The action Monday came despite a tribal health expert warning that the coronavirus is spreading uncontrollably. Navajo President Jonathan Nez has not said whether he'll support the measure.
The tribe reported 73 new cases of the coronavirus as of Sunday and no new deaths. The latest figures bring the total number of cases to 11,828 and the known death toll to 581 on the reservation.
A shelter-in-place order, mask mandate, daily curfews and weekend lockdowns remain in effect on the reservation that extends into Arizona, New Mexico and Utah.
Tribe Proposing To Reopen 4 Casinos In New Mexico, Arizona - Associated Press
The Navajo Nation is asking the public to weigh in on the possible reopening of four of the tribe's casinos in New Mexico and Arizona.
The proposed reopening plan would allow casinos and other gaming facilities to operate at 50% capacity.
If the legislation is not passed, KRQE reports the Navajo Nation Gaming Enterprise will likely be forced to permanently close and layoff all employees by the end of this month.
The Navajo Nation gaming facilities have been closed since March to limit the spread of COVID-19 on the reservation.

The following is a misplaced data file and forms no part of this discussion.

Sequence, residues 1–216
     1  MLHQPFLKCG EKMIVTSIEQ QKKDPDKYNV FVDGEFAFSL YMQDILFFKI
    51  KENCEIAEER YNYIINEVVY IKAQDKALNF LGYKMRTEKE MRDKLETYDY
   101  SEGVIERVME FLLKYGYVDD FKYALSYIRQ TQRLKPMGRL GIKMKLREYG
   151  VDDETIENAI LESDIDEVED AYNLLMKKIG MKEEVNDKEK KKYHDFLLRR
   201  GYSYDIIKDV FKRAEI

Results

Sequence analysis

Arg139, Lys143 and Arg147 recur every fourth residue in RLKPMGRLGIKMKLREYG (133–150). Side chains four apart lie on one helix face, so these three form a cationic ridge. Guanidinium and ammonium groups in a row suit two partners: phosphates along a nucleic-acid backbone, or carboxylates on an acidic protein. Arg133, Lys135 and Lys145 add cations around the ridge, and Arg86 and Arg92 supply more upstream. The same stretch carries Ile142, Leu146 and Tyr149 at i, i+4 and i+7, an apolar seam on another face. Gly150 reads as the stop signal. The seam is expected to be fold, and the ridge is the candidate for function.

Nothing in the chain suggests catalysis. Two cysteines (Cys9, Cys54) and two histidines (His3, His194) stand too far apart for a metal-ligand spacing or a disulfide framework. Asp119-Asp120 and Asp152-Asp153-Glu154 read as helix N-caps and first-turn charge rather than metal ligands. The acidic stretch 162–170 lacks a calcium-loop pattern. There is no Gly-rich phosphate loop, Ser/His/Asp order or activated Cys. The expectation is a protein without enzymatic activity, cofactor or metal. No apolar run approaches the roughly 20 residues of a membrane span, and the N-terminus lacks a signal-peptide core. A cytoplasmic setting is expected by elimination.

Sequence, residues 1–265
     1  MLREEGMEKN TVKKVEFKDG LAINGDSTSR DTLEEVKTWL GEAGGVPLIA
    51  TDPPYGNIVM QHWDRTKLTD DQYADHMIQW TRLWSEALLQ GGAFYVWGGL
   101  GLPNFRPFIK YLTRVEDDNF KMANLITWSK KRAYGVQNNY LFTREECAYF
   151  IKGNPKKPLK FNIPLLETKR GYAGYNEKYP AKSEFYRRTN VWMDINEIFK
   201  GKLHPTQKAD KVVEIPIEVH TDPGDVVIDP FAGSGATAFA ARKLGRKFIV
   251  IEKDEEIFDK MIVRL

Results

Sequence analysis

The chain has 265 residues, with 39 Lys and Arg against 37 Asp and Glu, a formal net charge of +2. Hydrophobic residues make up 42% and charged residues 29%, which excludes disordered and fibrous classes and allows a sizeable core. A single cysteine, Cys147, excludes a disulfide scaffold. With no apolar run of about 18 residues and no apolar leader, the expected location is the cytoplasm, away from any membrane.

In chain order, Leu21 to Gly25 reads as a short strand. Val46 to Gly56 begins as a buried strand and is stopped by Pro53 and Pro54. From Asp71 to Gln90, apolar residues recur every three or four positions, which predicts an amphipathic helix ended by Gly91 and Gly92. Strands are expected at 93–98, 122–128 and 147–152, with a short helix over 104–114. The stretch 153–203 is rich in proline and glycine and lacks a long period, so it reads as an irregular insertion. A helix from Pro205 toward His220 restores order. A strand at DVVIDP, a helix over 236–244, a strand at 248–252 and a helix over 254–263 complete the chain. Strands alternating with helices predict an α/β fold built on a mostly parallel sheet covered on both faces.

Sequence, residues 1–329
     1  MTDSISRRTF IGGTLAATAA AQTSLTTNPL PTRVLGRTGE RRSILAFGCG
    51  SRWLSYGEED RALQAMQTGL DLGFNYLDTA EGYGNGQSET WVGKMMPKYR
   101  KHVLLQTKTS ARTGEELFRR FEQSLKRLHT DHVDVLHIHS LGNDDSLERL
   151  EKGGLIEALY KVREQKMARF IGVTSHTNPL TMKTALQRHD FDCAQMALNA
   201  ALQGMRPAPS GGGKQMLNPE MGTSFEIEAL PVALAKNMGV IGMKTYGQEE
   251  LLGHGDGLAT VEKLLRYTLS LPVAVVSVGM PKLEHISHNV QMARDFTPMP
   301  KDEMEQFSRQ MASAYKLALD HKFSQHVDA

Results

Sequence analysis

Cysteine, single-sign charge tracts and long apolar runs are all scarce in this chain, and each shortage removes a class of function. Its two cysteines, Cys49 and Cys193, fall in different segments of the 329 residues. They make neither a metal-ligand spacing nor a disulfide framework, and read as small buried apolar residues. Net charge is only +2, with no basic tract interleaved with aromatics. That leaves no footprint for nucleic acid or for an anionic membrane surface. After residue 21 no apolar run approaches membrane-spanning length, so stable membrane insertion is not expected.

As of Saturday, tribal health officials said there have been 11,753 coronavirus cases on the reservation with 581 known deaths since the pandemic began.
New Mexico Reports 747 New COVID-19 Cases And 8 More Deaths - Associated Press
New Mexico health officials on Sunday reported 747 new COVID-19 cases and eight additional deaths. State Department of Health officials say the total number of cases since the pandemic began now is 47,232 with 1,026 known deaths.
They say 224 of the new cases and three of the eight deaths were in Bernalillo County, the state's largest that includes metro Albuquerque, with 111 cases in Doña Ana County.
Officials say 61 new cases involved inmates at the Central New Mexico Correctional Facility in Valencia County.
On Saturday, health officials reported 592 additional known virus cases and 11 additional deaths after reporting over 1,000 additional cases Friday with a single-day record of 13 deaths.